In military munitions, a fuze is the part of the device that initiates function. In some applications, such as torpedoes, a fuze may be identified by function as the exploder; the relative complexity of the earliest fuze designs can be seen in cutaway diagrams. A fuze is a device. In addition, a fuze will have safety and arming mechanisms that protect users from premature or accidental detonation. For example, an artillery fuze's battery is activated by the high acceleration of cannon launch, the fuze must be spinning before it will function. "Complete bore safety" can be achieved with mechanical shutters that isolate the detonator from the main charge until the shell is fired. A fuze may contain only the electronic or mechanical elements necessary to signal or actuate the detonator, but some fuzes contain a small amount of primary explosive to initiate the detonation. Fuzes for large explosive charges may include an explosive booster. Professional publications about explosives and munitions distinguish the "fuse" and "fuze" spelling.
The UK Ministry of Defence states: FUSE: Cord or tube for the transmission of flame or explosion consisting of cord or rope with gunpowder or high explosive spun into it. FUZE: A device with explosive components designed to initiate a main charge. Oliver Hogg states the following about fuze: The word "fuze" is spelt "fuse" by those unaquainted with artillery usage; this is incorrect. "Fuse", derived from fusus, the past participle of fundo, means "to melt", e.g. the term "fuse-wire" used in electrical circuits. "Fuze", on the other hand, is the shortened or modern method of spelling "fuzee", meaning a tube filled with combustible material. It is a derivation of a spindle and from the French fusee, a spindle full of thread, it is well to make this point at the outset. It was spelled with either's' or'z', both spellings can still be found. In the United States and some military forces, fuze is used to denote a sophisticated ignition device incorporating mechanical and/or electronic components as opposed to a simple burning fuse.
The situation of usage and the characteristics of the munition it is intended to activate affect the fuze design e.g. its safety and actuation mechanisms. Artillery fuzes are tailored to function in the special circumstances of artillery projectiles; the relevant factors are the projectile's initial rapid acceleration, high velocity and rapid rotation, which affect both safety and arming requirements and options, the target may be moving or stationary. Artillery fuzes may be initiated by a timer mechanism, impact or detection of proximity to the target, or a combination of these. Requirements for a hand grenade fuze are defined by the projectile's small size and slow delivery over a short distance; this necessitates manual arming before throwing as the grenade has insufficient initial acceleration for arming to be driven by "setback" and no rotation to drive arming by centrifugal force. Aerial bombs can be detonated either by a fuze, which contains a small explosive charge to initiate the main charge, or by a "pistol", a firing pin in a case which strikes the detonator when triggered.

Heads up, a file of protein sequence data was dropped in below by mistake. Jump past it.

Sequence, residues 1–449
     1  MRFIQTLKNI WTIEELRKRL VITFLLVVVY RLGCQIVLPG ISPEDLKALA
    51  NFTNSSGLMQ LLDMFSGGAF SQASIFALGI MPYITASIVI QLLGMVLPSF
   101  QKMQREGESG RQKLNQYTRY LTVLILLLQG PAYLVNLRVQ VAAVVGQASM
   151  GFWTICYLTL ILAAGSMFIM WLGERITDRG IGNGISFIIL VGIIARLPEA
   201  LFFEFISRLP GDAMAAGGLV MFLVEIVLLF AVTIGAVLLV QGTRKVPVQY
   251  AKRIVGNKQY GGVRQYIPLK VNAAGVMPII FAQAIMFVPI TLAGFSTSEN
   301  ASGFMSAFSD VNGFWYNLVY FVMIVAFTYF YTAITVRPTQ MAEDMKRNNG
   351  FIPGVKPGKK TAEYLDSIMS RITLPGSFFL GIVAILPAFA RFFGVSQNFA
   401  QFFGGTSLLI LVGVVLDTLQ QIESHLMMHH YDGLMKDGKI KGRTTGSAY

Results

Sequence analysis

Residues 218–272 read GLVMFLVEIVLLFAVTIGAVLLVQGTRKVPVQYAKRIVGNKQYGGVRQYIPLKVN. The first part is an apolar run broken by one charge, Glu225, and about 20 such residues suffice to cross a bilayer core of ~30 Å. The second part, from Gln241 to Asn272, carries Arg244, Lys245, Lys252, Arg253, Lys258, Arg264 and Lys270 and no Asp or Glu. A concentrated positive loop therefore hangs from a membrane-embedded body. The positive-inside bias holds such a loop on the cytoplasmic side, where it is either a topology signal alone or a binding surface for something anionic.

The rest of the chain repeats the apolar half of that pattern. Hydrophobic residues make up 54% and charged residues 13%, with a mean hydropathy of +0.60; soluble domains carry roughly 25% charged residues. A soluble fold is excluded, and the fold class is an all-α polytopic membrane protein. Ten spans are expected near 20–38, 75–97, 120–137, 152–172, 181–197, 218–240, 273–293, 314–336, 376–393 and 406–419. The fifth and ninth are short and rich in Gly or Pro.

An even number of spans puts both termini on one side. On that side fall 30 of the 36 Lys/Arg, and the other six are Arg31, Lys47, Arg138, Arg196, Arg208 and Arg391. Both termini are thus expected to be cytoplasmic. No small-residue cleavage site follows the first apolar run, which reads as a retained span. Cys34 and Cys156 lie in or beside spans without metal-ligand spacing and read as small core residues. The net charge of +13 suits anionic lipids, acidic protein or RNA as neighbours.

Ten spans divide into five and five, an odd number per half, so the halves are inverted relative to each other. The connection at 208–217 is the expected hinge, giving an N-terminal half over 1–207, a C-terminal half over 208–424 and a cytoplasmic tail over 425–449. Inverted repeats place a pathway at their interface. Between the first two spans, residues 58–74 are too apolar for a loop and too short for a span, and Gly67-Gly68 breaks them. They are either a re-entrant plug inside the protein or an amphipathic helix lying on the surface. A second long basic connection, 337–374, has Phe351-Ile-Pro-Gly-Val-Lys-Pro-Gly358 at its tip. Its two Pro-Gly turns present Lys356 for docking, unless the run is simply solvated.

The pistol may be considered a part of the mechanical fuze assembly. The main design consideration is that the bomb that the fuze is intended to actuate is stationary, the target itself is moving in making contact. Relevant design factors in naval mine fuzes are that the mine may be static or moving downward through the water, the target is moving on or below the water surface above the mine. Time fuzes detonate after a set period of time by using one or more combinations of mechanical, pyrotechnic or chemical timers. Depending on the technology used, the device may self-destruct some seconds, hours, days, or months after being deployed. Early artillery time fuzes were nothing more than a hole filled with gunpowder leading from the surface to the centre of the projectile; the flame from the burning of the gunpowder propellant ignited this "fuze" on firing, burned through to the centre during flight igniting or exploding whatever the projectile may have been filled with. By the 19th century devices more recognisable as modern artillery "fuzes" were being made of selected wood and trimmed to burn for a predictable time after firing.
These were still fired from smoothbore muzzle-loaders with a large gap between the shell and barrel, still relied on flame from the gunpowder propellant charge escaping past the shell on firing to ignite the wood fuze and hence initiate the timer. In the mid-to-late 19th century adjustable metal time fuzes, the fore-runners of today's time fuzes, containing burning gunpowder as the delay mechanism became common, in conjunction with the introduction of rifled artillery. Rifled guns introduced a tight fit between shell and barrel and hence could no longer rely on the flame from the propellant to initiate the timer; the new metal fuzes use the shock of firing and/or the projectiles's rotation to "arm" the fuze and initiate the timer: hence introducing a safety factor absent. During World War I, mechanical, or clockwork, time fuzes were introduced for artillery by Germany, some variants are still in use; as late